"But it's not a matter of if but a matter of when a pandemic will occur," Fowler said. "By keeping informed about pandemic influenza and being aware of likely actions on the part of policymakers, businesses can plan how best to respond."


More from Joe Fowler:
But a pandemic outbreak would be of epic proportions, Fowler said. There would be 25 percent to 35 percent absenteeism in crucial areas such as law enforcement, government and medical services, demand would increase for such services, but there would be no outside help for a crisis that would last at least a year.

"The concern about a pandemic has dropped out of government funding and out of the media," Fowler said. "But it hasn't dropped off the planet. It isn't going away."


[ Parent ]
Indonesia - Jakarta - 13 Indonesians test negative for bird flu

A senior health official says 13 villagers hospitalized with bird flu-like symptoms in western Indonesia have tested negative for the disease.
Nyoman Kandun said the test results came back negative on Saturday and the patients' conditions are improving.
He says dozens of chickens started dying last week from the H5N1 bird flu virus in Air Batu, a village on Sumatra Island, sending panicked residents rushing to a nearby hospital.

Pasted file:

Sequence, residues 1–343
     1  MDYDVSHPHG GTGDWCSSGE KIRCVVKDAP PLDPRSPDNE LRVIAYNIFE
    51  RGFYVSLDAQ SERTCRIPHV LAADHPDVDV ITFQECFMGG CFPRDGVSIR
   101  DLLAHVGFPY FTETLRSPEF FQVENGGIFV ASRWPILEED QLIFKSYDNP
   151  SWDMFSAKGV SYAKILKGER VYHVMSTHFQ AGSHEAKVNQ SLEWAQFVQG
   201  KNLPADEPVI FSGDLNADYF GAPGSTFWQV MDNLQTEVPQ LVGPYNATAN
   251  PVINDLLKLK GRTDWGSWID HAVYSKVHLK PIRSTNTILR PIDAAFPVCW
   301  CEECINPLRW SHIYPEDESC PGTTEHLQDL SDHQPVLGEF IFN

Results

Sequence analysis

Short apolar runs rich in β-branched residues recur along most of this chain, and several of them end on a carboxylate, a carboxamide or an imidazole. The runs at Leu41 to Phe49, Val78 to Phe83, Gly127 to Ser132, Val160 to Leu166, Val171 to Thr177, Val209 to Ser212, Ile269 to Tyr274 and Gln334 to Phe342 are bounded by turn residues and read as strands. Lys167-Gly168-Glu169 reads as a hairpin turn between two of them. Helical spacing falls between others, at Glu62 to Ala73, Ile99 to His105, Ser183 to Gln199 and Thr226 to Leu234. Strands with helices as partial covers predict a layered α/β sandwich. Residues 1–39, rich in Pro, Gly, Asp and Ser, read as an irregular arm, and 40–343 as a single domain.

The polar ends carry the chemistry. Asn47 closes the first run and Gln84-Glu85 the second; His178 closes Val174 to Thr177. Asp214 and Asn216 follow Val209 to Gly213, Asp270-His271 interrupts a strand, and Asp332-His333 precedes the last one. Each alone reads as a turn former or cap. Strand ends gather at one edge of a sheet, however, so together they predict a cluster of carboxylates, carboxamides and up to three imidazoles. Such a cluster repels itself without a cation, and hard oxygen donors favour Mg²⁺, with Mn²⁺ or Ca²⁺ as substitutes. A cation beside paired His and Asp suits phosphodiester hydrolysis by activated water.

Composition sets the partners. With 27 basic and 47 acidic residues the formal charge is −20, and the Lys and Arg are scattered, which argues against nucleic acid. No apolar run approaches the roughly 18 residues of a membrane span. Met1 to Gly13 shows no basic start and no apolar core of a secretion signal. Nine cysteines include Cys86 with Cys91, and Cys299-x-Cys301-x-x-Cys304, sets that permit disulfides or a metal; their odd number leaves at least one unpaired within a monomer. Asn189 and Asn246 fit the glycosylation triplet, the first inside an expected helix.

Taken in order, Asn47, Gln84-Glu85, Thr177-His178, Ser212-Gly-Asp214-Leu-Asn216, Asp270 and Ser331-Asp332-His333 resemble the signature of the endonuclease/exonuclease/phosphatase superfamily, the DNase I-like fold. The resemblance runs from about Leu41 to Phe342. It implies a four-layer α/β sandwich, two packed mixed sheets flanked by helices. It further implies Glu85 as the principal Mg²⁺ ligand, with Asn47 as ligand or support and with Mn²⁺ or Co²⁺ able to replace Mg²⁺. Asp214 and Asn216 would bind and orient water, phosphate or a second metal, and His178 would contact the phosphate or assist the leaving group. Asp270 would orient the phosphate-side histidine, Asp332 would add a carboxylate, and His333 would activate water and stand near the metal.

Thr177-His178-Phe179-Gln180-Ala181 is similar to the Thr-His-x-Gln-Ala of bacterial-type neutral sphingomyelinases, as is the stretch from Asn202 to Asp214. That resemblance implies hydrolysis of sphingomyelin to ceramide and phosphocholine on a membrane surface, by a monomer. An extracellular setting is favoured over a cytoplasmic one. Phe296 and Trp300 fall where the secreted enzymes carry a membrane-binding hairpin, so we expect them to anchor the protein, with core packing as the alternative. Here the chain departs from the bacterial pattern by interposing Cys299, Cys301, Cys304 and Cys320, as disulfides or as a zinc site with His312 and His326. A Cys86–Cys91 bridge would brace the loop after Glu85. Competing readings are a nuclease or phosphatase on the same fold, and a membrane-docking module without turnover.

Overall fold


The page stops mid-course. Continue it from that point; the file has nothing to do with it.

Colorado: Health official says new flu virus likely
In preparing for the upcoming winter flu season, be aware that a worldwide outbreak of a completely new strain of avian flu would require planning for the long haul, said Joe Fowler, the epidemiologist at the San Juan Basin Health Department....

..."But it's not a matter of if but a matter of when a pandemic will occur," Fowler said. "By keeping informed about pandemic influenza and being aware of likely actions on the part of policymakers, businesses can plan how best to respond."

Common varieties of flu kill 36,000 people a year in the United States, Fowler said. But a pandemic outbreak would be of epic proportions, Fowler said. There would be 25 percent to 35 percent absenteeism in crucial areas such as law enforcement, government and medical services, demand would increase for such services, but there would be no outside help for a crisis that would last at least a year....


Others estimate up to 40% absenteeism:

"The truth does not change according to our ability to stomach it."  Flannery O'Connor

Great minds think alike ;-) n/t

[ Parent ]
Great minds think for themselves : P
You've got mail!

Pray for all people and rulers
1Timothy 2:1-4

(Extending the culture of life.)


[ Parent ]
Think for youself,
Standing firm,

 Hi. Very good and your are right.

  Now you have mail ;-)


[ Parent ]
just being a little saucy
got it - thanks!

but yeah it really is true.